PASADENA, Texas — As Harvey's rains ended and Houston began its long slog toward recovery, the distinctive aroma of Cajun cooking wafted over the Pasadena Police Department. 

The sausage po-boys, chicken and pastalaya drew dozens of lawmen and other first responders to a pair of RVs parked outside the station here, where 10 men from Central, La., prepared a full-on feast Wednesday.

The atmosphere, and the unexpectedly cool weather, recalled an early fall tailgate. 

"When we do these onions and (the aroma of) this good Cajun meat gets up in the air, people are coming," said Stephen Ashford, one of the volunteers who arrived in the area about 10 p.m. Tuesday and began cooking eight hours later.

"This isn't a heat-up lasagna plate," Ashford added, speaking over the din of chatter and zydeco music. "This is good Louisiana food we're cooking." 

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The volunteers, representing the Capital Area Law Enforcement Foundation, joined legions of other Louisianians who navigated high waters and a plethora of road closures to assist in a recovery effort that is just beginning.

Like the Cajun Navy, whose boats helped rescue thousands of stranded residents this week, it's a grass-roots effort fueled almost entirely by donations and the compassion of neighbors all too familiar with natural disasters.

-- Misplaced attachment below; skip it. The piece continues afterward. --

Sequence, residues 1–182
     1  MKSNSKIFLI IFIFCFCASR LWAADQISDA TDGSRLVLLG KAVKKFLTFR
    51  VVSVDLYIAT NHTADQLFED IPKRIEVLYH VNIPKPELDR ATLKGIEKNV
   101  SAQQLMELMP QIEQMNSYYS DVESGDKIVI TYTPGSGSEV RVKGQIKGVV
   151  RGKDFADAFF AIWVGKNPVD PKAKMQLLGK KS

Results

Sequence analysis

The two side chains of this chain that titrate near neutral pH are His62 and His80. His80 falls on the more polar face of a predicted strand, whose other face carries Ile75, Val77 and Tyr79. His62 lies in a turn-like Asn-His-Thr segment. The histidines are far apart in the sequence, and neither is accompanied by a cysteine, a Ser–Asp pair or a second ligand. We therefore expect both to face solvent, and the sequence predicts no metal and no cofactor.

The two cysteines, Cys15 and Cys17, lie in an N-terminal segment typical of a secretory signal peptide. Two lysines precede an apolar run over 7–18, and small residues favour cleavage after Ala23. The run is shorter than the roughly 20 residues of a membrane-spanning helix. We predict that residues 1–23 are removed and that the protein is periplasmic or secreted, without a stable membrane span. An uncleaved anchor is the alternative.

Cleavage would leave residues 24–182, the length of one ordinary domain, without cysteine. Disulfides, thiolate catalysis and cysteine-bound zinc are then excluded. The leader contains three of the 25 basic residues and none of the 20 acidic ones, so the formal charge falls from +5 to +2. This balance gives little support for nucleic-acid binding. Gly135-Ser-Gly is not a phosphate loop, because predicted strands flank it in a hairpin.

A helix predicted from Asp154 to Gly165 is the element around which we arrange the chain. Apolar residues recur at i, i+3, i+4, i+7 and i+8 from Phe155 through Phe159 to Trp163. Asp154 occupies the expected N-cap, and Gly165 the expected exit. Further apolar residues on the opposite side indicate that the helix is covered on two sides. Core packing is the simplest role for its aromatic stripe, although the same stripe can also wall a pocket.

"We know how it feels, and we know the pressure these guys are under," said Ryan Meador, a former Marine and industrial salesman who also made the trip.

"We all went through this with the (Baton Rouge area) floods this exact same time last year," he said. "And if we hadn't gotten help from the outside, we would have been in a bad situation." 

So many volunteers arrived with the Cajun Navy, in fact, that authorities began turning away some of their boats late Tuesday. With that in mind, the crew from Central decided on a culinary contribution. 

"These guys contacted me and said, 'We've got to go do something,' " Ashford said. "And there's never enough food." 

Ashford reached out to colleagues in federal law enforcement earlier this week with an offer to cook for emergency personnel responding to Harvey's unprecedented rainfall and flooding. The police force in Pasadena, which lies in the hard-hit southeastern part of Houston, was the first to bite.

From there, the group created a PayPal account and published a Facebook post soliciting donations, later collecting hundreds of pounds of meat and other supplies before hitting the road. 

Their plan is to stay until Friday cooking for first responders and nearby hospital personnel, serving lunch and another meal at midnight for the night shift.

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On Wednesday, police officers flocked to the food about lunchtime — devouring portions served up in Styrofoam boxes that disappeared almost as quickly as they were prepared.  

"Having a hot plate ready for you is such a morale booster," said Michael Salinas, a Pasadena police officer, who tried the pastalaya and chicken.

Salinas savored the Cajun cuisine, saying he typically relies on beef jerky and Snickers bars to assuage his mid-shift hunger.  

"You don't get something like this normally," he said, "especially during the recovery from a hurricane." 

Follow Jim Mustian on Twitter, @JimMustian.